Household Sustainability
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Household Sustainability

Challenges and Dilemmas in Everyday Life

Chris Gibson, Carol Farbotko, Nicholas Gill, Lesley Head and Gordon Waitt

The authors engage critically, and constructively, with the proposition that households are a key scale of action on climate change. They confront dilemmas of practice and circumstance, and cultural norms of lifestyle and consumerism that are linked to troublesome environmental problems – and question whether they can be easily unsettled. The work also illuminates the informal and often unheralded work by households – frequently the poorest – in reducing their environmental burden. This important book is critical to understanding both the barriers to household sustainability and the ‘unsung’ sustainability work carried out by householders.
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Chapter 13: Screens

Challenges and Dilemmas in Everyday Life

Chris Gibson, Carol Farbotko, Nicholas Gill, Lesley Head and Gordon Waitt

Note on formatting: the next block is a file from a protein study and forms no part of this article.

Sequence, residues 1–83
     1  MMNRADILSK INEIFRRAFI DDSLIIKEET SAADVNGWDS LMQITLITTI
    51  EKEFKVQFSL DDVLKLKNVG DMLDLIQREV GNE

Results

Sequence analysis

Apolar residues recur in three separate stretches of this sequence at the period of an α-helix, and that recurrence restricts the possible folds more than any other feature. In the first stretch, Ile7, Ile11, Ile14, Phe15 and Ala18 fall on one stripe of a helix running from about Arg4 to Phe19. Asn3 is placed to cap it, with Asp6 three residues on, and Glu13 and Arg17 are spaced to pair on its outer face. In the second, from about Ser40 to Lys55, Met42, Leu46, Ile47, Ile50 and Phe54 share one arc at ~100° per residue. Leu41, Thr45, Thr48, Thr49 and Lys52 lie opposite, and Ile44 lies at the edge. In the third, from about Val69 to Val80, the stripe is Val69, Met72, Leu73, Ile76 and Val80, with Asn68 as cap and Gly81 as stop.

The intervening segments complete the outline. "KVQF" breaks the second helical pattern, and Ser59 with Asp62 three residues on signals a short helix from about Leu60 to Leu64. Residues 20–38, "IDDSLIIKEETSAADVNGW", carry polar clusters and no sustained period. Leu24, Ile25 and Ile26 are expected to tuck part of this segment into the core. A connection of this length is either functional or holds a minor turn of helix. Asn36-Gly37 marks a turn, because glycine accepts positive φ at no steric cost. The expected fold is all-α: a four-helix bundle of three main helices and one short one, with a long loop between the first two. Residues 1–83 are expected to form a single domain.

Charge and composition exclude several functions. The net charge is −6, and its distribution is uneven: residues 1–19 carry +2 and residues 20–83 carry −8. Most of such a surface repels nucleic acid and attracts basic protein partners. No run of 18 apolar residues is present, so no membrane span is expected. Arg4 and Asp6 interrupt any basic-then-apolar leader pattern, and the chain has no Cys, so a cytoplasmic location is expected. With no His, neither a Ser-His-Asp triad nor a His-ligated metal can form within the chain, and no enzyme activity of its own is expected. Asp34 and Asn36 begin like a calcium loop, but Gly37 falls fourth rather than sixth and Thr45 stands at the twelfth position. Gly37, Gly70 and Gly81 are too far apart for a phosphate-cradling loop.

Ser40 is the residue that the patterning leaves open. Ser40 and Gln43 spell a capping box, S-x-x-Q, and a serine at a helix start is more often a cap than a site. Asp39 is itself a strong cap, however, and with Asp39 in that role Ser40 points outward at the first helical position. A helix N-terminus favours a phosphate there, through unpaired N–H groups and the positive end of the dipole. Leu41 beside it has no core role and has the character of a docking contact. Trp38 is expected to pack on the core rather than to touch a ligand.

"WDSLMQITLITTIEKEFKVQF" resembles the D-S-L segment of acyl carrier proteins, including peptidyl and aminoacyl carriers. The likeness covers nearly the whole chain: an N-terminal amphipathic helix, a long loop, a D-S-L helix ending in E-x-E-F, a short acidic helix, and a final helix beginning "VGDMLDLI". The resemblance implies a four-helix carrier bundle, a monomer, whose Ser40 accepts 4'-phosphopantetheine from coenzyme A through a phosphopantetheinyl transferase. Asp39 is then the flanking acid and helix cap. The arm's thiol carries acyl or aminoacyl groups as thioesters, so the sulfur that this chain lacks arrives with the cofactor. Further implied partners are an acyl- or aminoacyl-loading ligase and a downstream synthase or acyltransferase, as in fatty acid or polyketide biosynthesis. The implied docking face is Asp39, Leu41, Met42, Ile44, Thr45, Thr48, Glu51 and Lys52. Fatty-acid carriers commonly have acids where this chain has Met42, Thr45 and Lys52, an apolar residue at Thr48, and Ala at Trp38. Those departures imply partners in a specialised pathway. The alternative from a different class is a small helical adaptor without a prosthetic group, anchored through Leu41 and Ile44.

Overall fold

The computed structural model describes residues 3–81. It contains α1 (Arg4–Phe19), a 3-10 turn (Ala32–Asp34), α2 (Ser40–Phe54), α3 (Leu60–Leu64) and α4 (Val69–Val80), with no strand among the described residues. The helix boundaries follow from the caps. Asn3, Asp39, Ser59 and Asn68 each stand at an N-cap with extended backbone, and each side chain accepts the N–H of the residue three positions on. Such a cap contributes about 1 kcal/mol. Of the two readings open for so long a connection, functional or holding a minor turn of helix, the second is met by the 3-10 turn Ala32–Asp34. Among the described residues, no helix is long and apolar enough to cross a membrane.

The television, arguably more than any other domestic technology, influences how we ‘design our spaces, habits and even emotions’ (Lanvin 1990, 85). After sleeping and working, it is the activity that most occupies daily time, the ‘single most common form of domestic recreation’ (Bennett et al. 1999, 67). There is a television device now for every four human beings on earth, making it second only to the mobile phone (Chapter 14), ‘one of the most popular pieces of electrical and electronic equipment in our society’ (Hischier and Baudin 2010, 428). Television is a powerful symbol and presence in everyday life: an archetypal technology of consumerism, a sign of escape from peas- antry, an icon of suburban life, a principal means of communication and imag- ined community. This chapter accordingly discusses the sustainability dilemmas of televisions in the household. It is difficult to separate discussion of the environmental sustainability impacts of television from that technology’s myriad other impacts. Television influences all kinds of things. It informs and entertains, seduces, and pacifies; television is a means to advertise excessive consumption to broader popula- tions, and can lead to extreme human sedentarism (Hu et al. 2003). Television watching has been shown to reduce teenagers’ consumption of healthy fruit and vegetables, contributing to growing problems of child and youth obesity (Boynton-Jarrett et al. 2003). Beyond the immediate impacts associated with the production and running of televisions are broader entanglements and practices in the home.

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